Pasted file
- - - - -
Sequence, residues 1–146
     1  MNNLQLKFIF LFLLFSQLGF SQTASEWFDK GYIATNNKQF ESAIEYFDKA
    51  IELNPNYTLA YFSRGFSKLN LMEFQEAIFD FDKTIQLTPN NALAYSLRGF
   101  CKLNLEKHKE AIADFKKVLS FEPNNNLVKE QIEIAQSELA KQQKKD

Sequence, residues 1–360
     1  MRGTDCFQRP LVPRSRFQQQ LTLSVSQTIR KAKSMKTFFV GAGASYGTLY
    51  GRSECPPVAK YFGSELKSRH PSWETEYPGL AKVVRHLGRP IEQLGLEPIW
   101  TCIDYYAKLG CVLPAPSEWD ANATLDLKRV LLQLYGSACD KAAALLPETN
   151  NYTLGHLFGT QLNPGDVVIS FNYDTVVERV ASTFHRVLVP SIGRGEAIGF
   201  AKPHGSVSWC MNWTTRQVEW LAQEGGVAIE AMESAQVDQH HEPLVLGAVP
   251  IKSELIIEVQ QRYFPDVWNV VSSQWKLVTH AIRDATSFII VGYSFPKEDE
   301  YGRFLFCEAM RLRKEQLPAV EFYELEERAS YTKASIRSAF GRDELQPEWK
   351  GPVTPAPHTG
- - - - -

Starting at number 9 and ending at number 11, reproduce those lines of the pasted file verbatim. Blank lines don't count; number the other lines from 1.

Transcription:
   151  NYTLGHLFGT QLNPGDVVIS FNYDTVVERV ASTFHRVLVP SIGRGEAIGF
   201  AKPHGSVSWC MNWTTRQVEW LAQEGGVAIE AMESAQVDQH HEPLVLGAVP
   251  IKSELIIEVQ QRYFPDVWNV VSSQWKLVTH AIRDATSFII VGYSFPKEDE